#CDM #climatefinance : Few Policy Options Available to Maintain Faith in EU Carbon Trading, Analysts Say

Few Policy Options Available to Maintain Faith in EU Carbon
Trading, Analysts Say

By Ali Qassim
May 1 (BNA – Daily Report for Executives) — LONDON—With low
carbon prices and a struggling economy in the European Union,
governments appear to be running out of policy options to
maintain confidence in the EU Emissions Trading System (ETS) as a
way to reduce greenhouse gas emissions, according to London-based
energy analysts.
“It’s hard to overemphasize the lack of carbon policy” shown
by governments to handle this crisis, Kash Burchett, a European
energy analyst at IHS Global Insight, told BNA April 24.
Tom Greenwood, senior analyst of carbon markets at
IDEAcarbon Ltd., an independent and professional provider of
carbon ratings, said even the few options that have been brought
to the table, such as reducing the future volume of carbon
dioxide emission permits, are unlikely to fix the longer-term
problems with the ETS.

Depressed Carbon Prices

According to Burchett, last October, when the price of
European Emissions Allowances (EUAs) fell below the €10 ($13.20)
barrier for the first time in 20 months, it felt like a
significant development. “But now 10 euros feel like you’re
looking at a skyscraper.”
In early April, the price of EUAs—each of which represents
the right to emit 1 metric ton of carbon equivalent under the
ETS—inched close to €6 ($7.90), although the price returned to
above €7 ($9.30) in the third week of April, Burchett said.
At their highest level—in August 2008 just before the global
economic downturn began—EUAs traded at €28 ($37).
At current prices, the incentive for power plants and heavy
industry to switch even from coal to natural gas fuel is low, let
alone to renewable energy, Burchett said.
The Global CCS Institute estimated in a March 8 paper that
to make clean carbon storage technology profitable, carbon prices
would have to be at about €40 ($52.90).
Even more depressed are the prices of Certified Emission
Reductions (CERs), the tradable carbon units under the Kyoto
Protocol’s Clean Development Mechanism. CERs reached a record low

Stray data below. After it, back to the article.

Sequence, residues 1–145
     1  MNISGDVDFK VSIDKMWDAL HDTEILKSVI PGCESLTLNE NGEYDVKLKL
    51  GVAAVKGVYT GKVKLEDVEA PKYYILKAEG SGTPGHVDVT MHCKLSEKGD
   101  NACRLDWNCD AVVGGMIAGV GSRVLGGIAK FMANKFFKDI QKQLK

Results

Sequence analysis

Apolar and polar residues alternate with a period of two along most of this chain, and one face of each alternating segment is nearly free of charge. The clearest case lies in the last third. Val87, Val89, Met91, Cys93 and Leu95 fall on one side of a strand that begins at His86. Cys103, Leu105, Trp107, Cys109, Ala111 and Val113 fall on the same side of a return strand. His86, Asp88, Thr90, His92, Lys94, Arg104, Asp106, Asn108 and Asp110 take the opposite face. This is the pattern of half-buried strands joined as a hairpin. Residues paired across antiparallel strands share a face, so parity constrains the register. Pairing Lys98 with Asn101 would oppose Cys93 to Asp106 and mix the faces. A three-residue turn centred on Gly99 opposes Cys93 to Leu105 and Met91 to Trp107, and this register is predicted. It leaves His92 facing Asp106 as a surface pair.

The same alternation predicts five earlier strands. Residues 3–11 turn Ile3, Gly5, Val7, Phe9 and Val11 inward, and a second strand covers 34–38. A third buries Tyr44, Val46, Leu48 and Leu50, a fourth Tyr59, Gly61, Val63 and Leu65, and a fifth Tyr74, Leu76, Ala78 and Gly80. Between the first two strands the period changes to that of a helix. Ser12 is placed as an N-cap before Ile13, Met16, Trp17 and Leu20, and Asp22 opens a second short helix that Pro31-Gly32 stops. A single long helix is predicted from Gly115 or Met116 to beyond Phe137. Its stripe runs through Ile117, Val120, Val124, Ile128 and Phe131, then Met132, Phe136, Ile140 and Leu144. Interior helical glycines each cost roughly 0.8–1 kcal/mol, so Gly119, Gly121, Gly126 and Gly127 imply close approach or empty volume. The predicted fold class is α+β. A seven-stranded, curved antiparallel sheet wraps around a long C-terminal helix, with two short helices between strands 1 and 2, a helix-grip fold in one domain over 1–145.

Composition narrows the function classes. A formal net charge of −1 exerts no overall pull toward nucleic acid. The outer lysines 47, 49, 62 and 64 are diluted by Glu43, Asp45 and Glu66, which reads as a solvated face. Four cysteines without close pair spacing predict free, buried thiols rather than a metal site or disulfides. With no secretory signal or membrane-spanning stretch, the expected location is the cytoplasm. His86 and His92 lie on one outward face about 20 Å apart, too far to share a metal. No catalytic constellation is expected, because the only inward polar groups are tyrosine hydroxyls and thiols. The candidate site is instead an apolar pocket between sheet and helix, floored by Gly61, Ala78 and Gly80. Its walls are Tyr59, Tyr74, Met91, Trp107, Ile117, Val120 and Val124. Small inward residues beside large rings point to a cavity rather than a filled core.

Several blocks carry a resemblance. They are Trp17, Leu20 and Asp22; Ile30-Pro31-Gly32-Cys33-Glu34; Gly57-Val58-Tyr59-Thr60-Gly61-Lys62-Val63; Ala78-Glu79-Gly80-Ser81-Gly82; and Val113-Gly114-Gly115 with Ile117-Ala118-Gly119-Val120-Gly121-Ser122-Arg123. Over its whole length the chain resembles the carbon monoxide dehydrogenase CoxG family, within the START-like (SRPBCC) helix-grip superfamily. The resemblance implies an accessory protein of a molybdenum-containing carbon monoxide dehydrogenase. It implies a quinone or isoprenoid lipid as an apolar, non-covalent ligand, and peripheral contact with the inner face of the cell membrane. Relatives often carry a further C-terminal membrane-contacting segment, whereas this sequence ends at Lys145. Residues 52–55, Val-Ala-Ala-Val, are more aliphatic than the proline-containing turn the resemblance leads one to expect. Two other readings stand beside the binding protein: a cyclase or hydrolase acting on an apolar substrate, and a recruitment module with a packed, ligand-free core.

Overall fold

of €5 ($6.60) in March, according to the
IntercontinentalExchange’s Monthly Utilities Report for March.

Tackling Oversupply

According to IDEACarbon’s Greenwood, “if nothing was changed
on the regulatory front, the consensus is pretty much that by
2020, there will be an oversupply of CO2 emissions permits [equal
to] about 1.3 billion metric tons.”
Given the glut of permits and the continuing economic crisis
in Europe, the carbon price in fact “ought to be zero euros and
the fact that prices haven’t reached that low is due to the
expectation that politicians in Europe will do something to
change supply,” Greenwood said.
EU Climate Action Commissioner Connie Hedegaard on April 19
announced that the European Commission, the European Union’s
executive arm, would by the end of this year propose a plan to
amend the Auctioning Regulation to reduce the number of carbon
permits to be auctioned in the next phase of the ETS, which
begins in January 2013 (76 DER A-26, 4/20/12).
Even assuming the Commission manages to push through this
change in auctioning rules, Greenwood said, “the fundamental
problem with this option is that it would entail setting aside
this glut of permits until 2019, but this fails to tackle the
problem of oversupply of permits by 2020, which is the official
end of the third phase of the ETS.”

Carbon Price Floor Option

In any case, even coming to an agreement to temporarily set
aside permits for the beginning of the third phase appears
unlikely, given that Poland—a major user of coal energy—is
adamantly opposed to any changes, Greenwood said.
Burchett agreed that any changes without Poland on board
would be “very difficult.”
Some EU governments, such as the United Kingdom, are looking
at alternatives to encourage investment in cleaner energy, such
as the introduction of a carbon price floor.
Currently, the British Treasury has plans to introduce a
carbon price floor for the power sector starting at about £16
($26) per metric ton of carbon dioxide in 2013, rising to a
target price of £30 ($48.70) per metric ton in 2020.
The Czech Republic and Italy have also been looking at
versions of a carbon tax. “The problem is that these actions are
hardly a vote of confidence on the EU ETS,” Burchett said.
For More InformationThe IntercontinentalExchange’s March
2012 Monthly Utilities Report is available at